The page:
The Lies That Bind
When it comes to the most pressing social issues of the day, Kwame Anthony Appiah is a touchstone of reason and inclusivity. Asking—and answering—probing questions on morality, ethnicity, and religion as “The Ethicist” for The New York Times Magazine, Appiah is a fearless, lucid arbiter. He demonstrated this in his BBC Reith Lectures on the modern complexities of Creed, Culture, Color, and Country, and in his book, The Lies That Bind, named one of the 50 Notable Works of the Year by The Washington Post.
“Appiah lays out a concept that is not only compelling in its own right but also suggests a connection that may in time help to collate biological and cultural exploration of human morality.”— Edward O. Wilson
Exciting and erudite, Kwame Anthony Appiah challenges us to look beyond the boundaries—real and imagined—that divide us, and to celebrate our common humanity. Named one of Foreign Policy’s Top 100 public intellectuals, one of the Carnegie Corporation’s “Great Immigrants,” and awarded a National Humanities Medal by The White House, Appiah currently teaches at NYU, though he’s previously taught at Princeton, Harvard, Yale, Cornell, Duke, and the University of Ghana. He considers readers’ ethical quandries in a weekly column as “The Ethicist” for The New York Times Magazine. From 2009 to 2012 he served as President of the PEN American Center, the world’s oldest human rights organization. He is currently chair of The Man Booker Prize.
Anthony Appiah’s book Cosmopolitanism is a manifesto for a world where identity has become a weapon and where difference has become a cause of pain and suffering. Cosmopolitanism won the Arthur Ross Book Award, the most significant prize given to a book on international affairs. In The Honor Code: How Moral Revolutions Happen, Appiah lays out how honor propelled moral revolutions in the past—and could do so in the future. Walter Isaacson (Steve Jobs) calls it “an indispensible book for both moral philosophers and honorable citizens.” Among his most recent books are As If: Idealization and Ideals, an exploration of the way ideals facilitate human progress; Mistaken Identities, further explores subjects of his popular BBC series; and the brand new The Lies That Bind, an incandescent exploration of the nature and history of the identities that define us.
Kwame Anthony Appiah was born in London to a Ghanaian father and a white mother. He was raised in Ghana, and educated in England, at Cambridge University, where he received a Ph.D. in philosophy. As a scholar of African and African-American studies, he established himself as an intellectual with a broad reach. His book In My Father's House and his collaborations with Henry Louis Gates, Jr.—including The Dictionary of Global Culture and Africana—are major works of African struggles for self-determination. In 2009, he was featured in Astra Taylor’s documentary Examined Life, alongside Martha Nussbaum, Slavoj Zizek, and other leading contemporary philosophers.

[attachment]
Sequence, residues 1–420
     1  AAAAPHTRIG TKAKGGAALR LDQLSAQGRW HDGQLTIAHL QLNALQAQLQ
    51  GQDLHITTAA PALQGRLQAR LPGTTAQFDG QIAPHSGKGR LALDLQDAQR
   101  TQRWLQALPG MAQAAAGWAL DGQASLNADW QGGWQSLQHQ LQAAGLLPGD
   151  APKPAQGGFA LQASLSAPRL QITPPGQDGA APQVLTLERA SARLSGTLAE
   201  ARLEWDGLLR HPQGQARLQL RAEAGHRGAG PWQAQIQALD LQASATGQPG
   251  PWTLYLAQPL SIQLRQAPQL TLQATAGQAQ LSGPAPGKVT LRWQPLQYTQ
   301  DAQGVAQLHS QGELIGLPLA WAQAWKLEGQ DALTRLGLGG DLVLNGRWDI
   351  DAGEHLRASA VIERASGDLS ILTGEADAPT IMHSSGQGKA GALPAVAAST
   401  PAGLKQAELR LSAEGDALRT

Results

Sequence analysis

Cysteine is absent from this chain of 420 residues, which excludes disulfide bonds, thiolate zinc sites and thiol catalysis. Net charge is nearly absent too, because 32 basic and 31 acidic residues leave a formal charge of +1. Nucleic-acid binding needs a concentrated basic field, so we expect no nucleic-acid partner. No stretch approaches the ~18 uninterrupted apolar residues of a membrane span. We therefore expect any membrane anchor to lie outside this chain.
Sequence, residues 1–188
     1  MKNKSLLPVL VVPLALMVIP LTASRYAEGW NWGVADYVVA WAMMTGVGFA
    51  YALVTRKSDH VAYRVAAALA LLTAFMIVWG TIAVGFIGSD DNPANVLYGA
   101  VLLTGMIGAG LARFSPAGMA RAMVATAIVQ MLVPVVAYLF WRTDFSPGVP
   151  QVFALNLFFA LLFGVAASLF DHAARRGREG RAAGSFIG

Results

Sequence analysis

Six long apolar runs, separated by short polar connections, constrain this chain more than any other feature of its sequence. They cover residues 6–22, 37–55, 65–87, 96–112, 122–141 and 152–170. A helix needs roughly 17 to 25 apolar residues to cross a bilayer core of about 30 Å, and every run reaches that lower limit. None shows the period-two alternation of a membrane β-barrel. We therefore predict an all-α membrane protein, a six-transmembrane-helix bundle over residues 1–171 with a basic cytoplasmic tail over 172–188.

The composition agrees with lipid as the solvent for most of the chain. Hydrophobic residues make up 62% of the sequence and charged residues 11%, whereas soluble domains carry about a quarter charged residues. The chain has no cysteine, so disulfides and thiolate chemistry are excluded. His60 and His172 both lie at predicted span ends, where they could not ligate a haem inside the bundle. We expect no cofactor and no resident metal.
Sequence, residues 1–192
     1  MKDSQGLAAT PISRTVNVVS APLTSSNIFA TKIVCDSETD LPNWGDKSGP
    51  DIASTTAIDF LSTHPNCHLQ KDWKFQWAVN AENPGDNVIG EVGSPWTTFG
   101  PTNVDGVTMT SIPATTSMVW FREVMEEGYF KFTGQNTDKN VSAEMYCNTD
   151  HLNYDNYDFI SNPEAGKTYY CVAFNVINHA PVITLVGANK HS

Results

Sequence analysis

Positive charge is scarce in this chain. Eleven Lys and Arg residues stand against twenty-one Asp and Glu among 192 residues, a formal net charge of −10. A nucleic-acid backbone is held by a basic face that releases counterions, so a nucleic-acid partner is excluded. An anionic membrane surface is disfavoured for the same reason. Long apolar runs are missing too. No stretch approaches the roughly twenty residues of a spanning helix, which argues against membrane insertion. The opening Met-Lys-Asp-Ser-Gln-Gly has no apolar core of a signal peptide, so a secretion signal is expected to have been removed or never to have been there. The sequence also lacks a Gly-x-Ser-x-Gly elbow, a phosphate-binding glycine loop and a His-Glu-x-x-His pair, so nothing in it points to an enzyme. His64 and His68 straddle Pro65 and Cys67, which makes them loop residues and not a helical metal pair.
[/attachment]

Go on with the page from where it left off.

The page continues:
“Prof. Appiah was wonderful to work with. He went with the flow, agreed to a last minute media interview, etc. He was calm and was interested in engaging with those he met. Couldn’t ask for anything more.”University of Alberta
Philosophers spend lots of time thinking about what is right and wrong, and some time thinking about how to get people to see what is right and wrong—but almost no time thinking about how to get them to do what they know is right and to stop doing what is wrong. Anthony Appiah has spent the last decade thinking about what it takes to turn moral understanding into moral behavior. In this talk, he explores one of the keys to real moral revolution: mobilizing the social power of honor and shame to change the world for the better.
How is it possible to consider the world a moral community when there is so much disagreement about the nature of morality? In this talk, based on his award-winning book Cosmopolitanism, Anthony Appiah presents answers that are grounded in a new ethics which celebrates our common humanity, while at the same time offering a practical way to manage our differences. He offers a new approach to living a moral life in the modern age, where the competing claims of “a Clash of Civilizations” on one hand, and a groundless moral relativism on the other, can make such a project seem impossible. With wit, reason, and humanity, Appiah explores some of the central ethical questions of our time.